Review Horizontal / Vertical Metal Cutting Band Saw

Discussion in 'Welding' started by rbstern, Jun 8, 2020.

  1. rbstern

    rbstern Administrator Staff Member

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    Picked this up to replace the truly bad Chicago Electric abrasive cut-off saw

    Saw went together pretty quickly. It was missing one of the pulley set screws; I had to re-thread the hole to use a substitute set screw I had on hand. That was annoying, but not unusual for a HF machine to be missing a small part.

    The saw is heavy, at 143 lbs., so help is needed to lift the saw onto the included base or, in my case, I used a winch (also HF) attached to rafters in my garage to lift it onto the base.

    The base itself feels a bit flimsy. It's certainly adequate for the job of supporting the saw, but it doesn't scream heavy duty by any stretch. I discarded the stock mobile wheels and axle in favor of making a more mobile base platform from two of the small HF furniture dollies, screwed together with a couple of lengths of 2x4s. It raises the saw up a bit higher off the floor, which makes it more comfortable to do setup work with.

    hf bandsaw.jpg

    The saw was trued to 90 degrees out of the box. The vise built into the base is very heavy duty and holds the workpiece extremely well. In this case, I was making a test cut by slicing a small piece off a length of 2x2 10ga A500 square tube. With the stock blade, the saw made a beautiful cut. It's slow working, but well worth the wait.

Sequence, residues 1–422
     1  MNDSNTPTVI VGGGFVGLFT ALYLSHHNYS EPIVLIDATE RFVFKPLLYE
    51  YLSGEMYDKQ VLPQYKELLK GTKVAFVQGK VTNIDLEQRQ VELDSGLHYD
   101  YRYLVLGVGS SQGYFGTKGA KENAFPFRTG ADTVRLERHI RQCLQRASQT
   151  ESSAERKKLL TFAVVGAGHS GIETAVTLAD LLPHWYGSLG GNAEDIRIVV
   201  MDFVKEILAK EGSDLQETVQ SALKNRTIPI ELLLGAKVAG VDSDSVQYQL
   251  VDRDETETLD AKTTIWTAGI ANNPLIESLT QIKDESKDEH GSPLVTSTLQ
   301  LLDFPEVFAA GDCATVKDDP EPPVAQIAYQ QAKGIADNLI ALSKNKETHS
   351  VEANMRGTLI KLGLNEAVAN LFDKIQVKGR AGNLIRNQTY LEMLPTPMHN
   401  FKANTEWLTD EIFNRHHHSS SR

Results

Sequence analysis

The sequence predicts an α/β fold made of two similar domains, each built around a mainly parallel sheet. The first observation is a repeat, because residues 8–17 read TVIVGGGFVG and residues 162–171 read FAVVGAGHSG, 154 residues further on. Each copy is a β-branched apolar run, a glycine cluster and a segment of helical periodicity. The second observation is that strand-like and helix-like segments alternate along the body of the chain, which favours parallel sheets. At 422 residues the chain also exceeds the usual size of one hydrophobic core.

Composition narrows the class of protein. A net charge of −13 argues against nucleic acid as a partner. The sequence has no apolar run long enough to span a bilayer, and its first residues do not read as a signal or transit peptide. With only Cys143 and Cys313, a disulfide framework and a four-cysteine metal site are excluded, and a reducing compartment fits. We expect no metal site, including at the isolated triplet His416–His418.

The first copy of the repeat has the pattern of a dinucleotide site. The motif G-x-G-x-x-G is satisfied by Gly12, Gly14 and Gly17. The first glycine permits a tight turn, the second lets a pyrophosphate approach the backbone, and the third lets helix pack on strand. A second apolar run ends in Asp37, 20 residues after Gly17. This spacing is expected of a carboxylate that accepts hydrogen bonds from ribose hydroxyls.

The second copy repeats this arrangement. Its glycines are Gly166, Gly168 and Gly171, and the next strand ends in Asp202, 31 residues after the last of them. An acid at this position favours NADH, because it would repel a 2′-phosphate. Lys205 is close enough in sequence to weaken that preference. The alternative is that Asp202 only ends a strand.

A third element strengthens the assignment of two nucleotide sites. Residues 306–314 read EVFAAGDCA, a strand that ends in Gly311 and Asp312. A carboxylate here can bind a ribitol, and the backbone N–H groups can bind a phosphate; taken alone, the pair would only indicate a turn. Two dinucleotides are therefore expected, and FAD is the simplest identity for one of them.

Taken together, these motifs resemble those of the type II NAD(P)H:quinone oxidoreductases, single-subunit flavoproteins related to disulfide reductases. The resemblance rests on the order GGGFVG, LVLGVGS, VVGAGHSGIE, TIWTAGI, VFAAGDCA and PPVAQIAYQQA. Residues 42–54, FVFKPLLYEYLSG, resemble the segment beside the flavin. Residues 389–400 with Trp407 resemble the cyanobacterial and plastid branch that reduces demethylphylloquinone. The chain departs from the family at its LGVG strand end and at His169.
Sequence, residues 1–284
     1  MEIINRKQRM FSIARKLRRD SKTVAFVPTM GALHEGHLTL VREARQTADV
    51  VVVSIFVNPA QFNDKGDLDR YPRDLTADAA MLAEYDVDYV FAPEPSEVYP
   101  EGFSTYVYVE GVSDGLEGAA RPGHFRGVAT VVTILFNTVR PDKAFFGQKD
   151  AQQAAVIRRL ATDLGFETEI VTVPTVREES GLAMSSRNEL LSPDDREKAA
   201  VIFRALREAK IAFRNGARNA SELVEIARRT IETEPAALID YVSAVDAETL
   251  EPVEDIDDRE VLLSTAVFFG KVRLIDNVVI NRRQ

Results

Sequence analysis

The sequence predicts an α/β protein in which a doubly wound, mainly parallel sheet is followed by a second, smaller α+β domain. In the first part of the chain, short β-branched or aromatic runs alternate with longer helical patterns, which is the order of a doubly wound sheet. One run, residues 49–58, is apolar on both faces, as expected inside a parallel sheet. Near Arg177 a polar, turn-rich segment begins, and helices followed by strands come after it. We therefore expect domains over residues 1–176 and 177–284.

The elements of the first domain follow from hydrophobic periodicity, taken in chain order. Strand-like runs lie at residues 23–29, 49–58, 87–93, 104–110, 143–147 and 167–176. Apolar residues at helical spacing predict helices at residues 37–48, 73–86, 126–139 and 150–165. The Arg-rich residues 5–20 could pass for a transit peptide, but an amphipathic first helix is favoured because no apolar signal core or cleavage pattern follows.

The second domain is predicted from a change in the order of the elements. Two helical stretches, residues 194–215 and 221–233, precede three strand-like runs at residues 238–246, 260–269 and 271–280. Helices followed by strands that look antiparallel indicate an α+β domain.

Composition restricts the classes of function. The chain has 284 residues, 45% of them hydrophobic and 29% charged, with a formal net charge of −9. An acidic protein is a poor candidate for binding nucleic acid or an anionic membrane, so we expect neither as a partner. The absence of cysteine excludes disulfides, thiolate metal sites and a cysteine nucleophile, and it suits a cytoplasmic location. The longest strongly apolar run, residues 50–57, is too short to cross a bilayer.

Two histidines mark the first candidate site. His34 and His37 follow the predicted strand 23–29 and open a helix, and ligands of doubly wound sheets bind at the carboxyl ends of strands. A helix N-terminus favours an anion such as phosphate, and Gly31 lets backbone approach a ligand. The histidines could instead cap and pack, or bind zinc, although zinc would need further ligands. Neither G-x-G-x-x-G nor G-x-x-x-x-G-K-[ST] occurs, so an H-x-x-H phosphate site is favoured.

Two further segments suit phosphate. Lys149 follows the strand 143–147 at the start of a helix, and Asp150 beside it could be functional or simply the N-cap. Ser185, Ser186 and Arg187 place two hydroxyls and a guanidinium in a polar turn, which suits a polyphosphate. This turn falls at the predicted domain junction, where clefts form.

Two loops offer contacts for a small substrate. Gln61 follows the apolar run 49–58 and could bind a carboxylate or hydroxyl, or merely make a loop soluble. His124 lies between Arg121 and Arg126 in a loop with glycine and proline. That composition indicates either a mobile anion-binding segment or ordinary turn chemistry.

first slice.jpg

    I did a test cut at 45 and got similarly good results.

    The stock blade has a bad reputation for not lasting very long, so I also bought the Supercut bimetal blade they sell at HF. The Supercut blades for the 93" wood bandsaw have worked well in my wife's shop for years, and she uses that saw pretty hard, so I feel confident the bimetal blade will be good quality (USA made, too).

    Bottom line, this seems to be an incredible value for $199 after coupon. Even allowing for a bit extra spent on a custom stand and a more expensive aftermarket blade, it's still huge bang for the buck. Several of the major workshop tool brands sell this saw, clearly from the same factory, with varying bells and whistles. Nobody comes close to the HF price.
     
  2. rbstern

    rbstern Administrator Staff Member

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    Follow up on this product after some extended use: Can't say enough good things about this saw so far.

    I've made at least 20 cuts on the original HF blade. A lot of angled cuts on 2" A500 tube with 1/8" walls. Go slow, with plenty of lube oil. I even damaged the blade (droped the head on a work piece, dented a couple of teeth on the blade) and it still cuts nicely, albeit with a bit of "skip" in every revolution of the blade.

    Here are the walking axle frame assemblies I cut for a log arch I'm building. Welding fitted joints after the are cut on the bandsaw is so much easier than welding joints cut with an angle grinder or chop saw.

    At some point, I'll build some type of drip oiler fixture so I don't have to be nearby with the lube.

    IMG_20200618_223718754[1].jpg
     

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